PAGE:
Why it is important that athletes like Marcus Rashford and Lewis Hamilton be taken seriously when they speak up on important societal issues
Whenever an athlete, and indeed a celebrity in general, makes a public statement about current affairs, there is normally one side that repeats the idea that sportspeople should stick to sport, because that is their job and their job only, or that politics should be kept out of the arts and sports. It is not a coincidence that the people who are most offended by celebrities taking prominent stances on issues disagree most. As discrimination and minority empowerment comes to the fore, it is important that we do not dismiss a person’s experience solely because of their opinion. Athletes are people too. Sports is simply a specific example of an occupation where someone from a BAMER or marginalised background may face discrimination. If an athlete’s fame draws more attention to important issues, that can only be an advantage.
For example, Lewis Hamilton is the first ever, and currently only, black Formula One (F1) driver. He has recently spoken out on Black Lives Matter, and the need to deal with racism and a lack of diversity in Formula One after the murder of George Floyd. Those connected with F1 stayed silent, out of hesitation and discomfort at voicing an opinion, until Hamilton called them out for remaining silent on social media. This discussion has extended to his racing team changing the car’s 2020 livery to black, and F1 management launching inclusivity initiatives. Despite generally being an apolitical sport, drivers even “took the knee” at the first race of the season. Whilst these changes alone support letting athletes voice their opinions, there is also an important flip side to sportspeople remaining silent: it is a privilege to have no concerns of which to speak. It is a type of privilege to be uncomfortable with speaking out about racism from not having faced significant discrimination. It is a type of privilege to not struggle with recalling personal experiences of racism when reports of crimes like the murder of George Floyd happen, as Lewis Hamilton did. It is also a form of microaggression to dismiss anyone’s concerns or stories about racism, such as the former top F1 official Bernie Ecclestone being “surprised that [racism] concerns [Hamilton] even”.
In the US, the only black driver in NASCAR, Bubba Wallace, found a noose in his racing garage after he got the Confederate flag banned from NASCAR events. Someone tried to threaten Wallace with a symbol of lynching from when African Americans were brutally murdered for no reason. The US President responded to reports of this event by publishing a tweet suggesting this was a hoax. In light of these extreme, racist, and dismissive responses to a black athlete simply seeking to remove racist symbols, we should stand strong against those trying cling onto their versions of the past. If athletes are brave enough to try to effect change, we can only listen to what they have to say.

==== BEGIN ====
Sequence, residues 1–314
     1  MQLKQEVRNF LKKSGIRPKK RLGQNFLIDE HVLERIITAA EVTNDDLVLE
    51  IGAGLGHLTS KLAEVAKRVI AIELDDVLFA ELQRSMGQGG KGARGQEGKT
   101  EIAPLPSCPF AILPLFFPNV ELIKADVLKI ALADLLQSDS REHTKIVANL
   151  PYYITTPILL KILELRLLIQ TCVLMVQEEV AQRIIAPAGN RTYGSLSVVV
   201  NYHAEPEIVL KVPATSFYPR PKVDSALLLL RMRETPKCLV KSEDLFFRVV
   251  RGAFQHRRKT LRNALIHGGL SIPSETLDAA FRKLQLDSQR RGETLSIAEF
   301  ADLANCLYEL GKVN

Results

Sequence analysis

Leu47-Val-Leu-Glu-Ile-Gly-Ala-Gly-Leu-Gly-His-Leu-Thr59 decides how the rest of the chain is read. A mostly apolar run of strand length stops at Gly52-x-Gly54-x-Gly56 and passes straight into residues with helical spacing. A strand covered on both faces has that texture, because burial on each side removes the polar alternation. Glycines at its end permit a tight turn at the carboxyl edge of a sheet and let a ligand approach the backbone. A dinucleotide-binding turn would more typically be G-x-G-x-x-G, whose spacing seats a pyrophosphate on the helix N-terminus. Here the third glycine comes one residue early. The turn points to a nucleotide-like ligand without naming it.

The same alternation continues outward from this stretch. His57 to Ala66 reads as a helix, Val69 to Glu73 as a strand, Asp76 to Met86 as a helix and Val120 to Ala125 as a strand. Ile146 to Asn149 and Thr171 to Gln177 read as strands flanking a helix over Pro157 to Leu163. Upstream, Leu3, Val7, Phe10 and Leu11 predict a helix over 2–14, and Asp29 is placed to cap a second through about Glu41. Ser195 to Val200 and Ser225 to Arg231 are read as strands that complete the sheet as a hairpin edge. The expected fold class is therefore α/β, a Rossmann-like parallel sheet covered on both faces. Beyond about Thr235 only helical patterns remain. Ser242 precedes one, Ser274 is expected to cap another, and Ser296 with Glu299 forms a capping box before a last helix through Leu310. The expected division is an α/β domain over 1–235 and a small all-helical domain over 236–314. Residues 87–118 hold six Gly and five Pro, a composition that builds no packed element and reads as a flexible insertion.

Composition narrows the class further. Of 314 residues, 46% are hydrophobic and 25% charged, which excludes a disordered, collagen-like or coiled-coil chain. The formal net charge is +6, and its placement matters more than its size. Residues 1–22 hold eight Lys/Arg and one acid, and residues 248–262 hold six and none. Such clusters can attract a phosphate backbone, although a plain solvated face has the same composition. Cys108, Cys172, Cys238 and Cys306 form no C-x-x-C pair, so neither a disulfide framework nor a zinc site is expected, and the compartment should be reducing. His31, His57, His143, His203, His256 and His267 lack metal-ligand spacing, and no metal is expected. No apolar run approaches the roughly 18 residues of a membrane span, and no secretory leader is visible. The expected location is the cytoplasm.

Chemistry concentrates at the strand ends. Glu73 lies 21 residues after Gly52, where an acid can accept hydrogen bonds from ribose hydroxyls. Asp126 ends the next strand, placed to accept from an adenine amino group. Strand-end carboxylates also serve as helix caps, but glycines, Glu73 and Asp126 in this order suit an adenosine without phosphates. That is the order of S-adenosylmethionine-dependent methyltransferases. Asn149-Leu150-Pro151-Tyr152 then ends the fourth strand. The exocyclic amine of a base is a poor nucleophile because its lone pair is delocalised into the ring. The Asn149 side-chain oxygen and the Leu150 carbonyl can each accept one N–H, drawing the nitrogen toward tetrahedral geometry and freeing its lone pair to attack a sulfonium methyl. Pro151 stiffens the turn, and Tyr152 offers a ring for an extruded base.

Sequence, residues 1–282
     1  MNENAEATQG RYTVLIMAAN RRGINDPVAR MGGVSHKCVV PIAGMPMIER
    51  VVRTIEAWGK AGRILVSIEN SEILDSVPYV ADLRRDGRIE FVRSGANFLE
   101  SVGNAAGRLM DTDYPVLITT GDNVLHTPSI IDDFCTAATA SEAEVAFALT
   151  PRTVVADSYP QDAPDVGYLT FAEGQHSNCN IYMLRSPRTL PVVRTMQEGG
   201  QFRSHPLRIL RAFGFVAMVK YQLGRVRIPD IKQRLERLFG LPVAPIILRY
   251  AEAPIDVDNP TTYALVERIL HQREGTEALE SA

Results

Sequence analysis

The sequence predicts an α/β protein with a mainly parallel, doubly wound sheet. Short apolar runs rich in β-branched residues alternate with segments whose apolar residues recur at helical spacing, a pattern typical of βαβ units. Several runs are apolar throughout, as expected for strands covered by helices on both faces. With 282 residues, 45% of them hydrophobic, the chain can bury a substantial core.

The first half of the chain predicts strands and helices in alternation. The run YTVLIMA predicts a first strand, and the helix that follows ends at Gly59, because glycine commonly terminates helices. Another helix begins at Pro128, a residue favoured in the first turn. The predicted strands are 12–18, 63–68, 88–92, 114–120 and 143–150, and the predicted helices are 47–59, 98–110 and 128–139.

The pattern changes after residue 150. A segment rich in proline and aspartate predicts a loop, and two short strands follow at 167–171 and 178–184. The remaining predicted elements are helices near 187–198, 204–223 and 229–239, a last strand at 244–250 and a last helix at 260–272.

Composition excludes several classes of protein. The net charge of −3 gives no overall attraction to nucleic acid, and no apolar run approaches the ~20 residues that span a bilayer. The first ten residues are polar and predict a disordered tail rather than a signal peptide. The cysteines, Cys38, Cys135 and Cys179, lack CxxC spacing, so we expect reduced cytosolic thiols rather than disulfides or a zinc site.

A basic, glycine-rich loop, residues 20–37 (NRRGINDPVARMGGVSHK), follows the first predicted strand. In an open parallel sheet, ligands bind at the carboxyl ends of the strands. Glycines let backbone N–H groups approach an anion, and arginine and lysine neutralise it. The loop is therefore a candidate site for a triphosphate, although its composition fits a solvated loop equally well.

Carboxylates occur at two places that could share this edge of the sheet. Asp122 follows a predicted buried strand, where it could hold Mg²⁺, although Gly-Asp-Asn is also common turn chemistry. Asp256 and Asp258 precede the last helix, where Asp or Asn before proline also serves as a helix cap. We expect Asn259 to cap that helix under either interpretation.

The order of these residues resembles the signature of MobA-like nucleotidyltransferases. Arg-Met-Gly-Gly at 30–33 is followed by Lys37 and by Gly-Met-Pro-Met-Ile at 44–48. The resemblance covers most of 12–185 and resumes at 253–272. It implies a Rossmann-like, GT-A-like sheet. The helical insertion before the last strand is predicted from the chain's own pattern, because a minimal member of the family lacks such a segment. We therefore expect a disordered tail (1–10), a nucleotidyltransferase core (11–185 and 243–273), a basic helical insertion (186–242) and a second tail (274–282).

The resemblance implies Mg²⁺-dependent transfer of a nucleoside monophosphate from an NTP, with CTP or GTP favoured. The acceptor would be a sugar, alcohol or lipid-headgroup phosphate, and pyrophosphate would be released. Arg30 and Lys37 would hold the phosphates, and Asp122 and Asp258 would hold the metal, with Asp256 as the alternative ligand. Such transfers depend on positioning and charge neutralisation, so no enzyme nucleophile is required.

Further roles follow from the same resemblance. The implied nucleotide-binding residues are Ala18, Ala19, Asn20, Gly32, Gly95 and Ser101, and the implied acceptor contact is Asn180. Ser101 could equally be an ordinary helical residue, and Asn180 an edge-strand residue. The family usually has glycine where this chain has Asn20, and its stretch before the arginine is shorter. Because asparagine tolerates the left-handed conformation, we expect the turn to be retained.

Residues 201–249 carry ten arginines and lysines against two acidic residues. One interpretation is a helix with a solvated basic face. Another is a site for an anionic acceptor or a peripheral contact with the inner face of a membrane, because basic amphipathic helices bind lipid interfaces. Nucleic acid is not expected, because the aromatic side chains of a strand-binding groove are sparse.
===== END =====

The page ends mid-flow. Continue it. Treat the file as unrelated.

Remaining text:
England and Manchester United footballer Marcus Rashford made headlines in June for raising money to get meals to those who need it, and then persuading the government to reverse its original course of action, and maintaining the provision of free meals for children from poorer families. Telling his personal experience of not being to afford enough food, and leveraging his now privileged status to effect change gives a human side to seemingly complex policies, and brings awareness to an important issue that can easily get lost in the news. It is a form of privilege to have no concrete opinion on free school meals from not having been hungry as a result of insufficient funds. It is a form of privilege to be in a position to be able to silence or brush aside others’ concerns. Everyone has the right to tell their story, regardless whether it results in concrete change.
Athletes have the same rights and the same freedom to voice their opinions as any non-athlete. With the popularity of social media and viral news, they have a unique position to draw our attention to pressing concerns, and the struggles of minority communities. It is no coincidence that the examples given here are from athletes from minority backgrounds. It often seems like more of an outlier when a BAMER celebrity speaks out on policy issues, but they should speak out the most to draw attention to their stories, and highlight the stories of marginalised and BAMER communities. Even as normal citizens, we should voice our concerns on behalf of our communities. We, at JAN Trust, understand this importance, and work to encourage and empower marginalised and BAMER individuals. We campaign on vital issues for these communities like online extremism and FGM.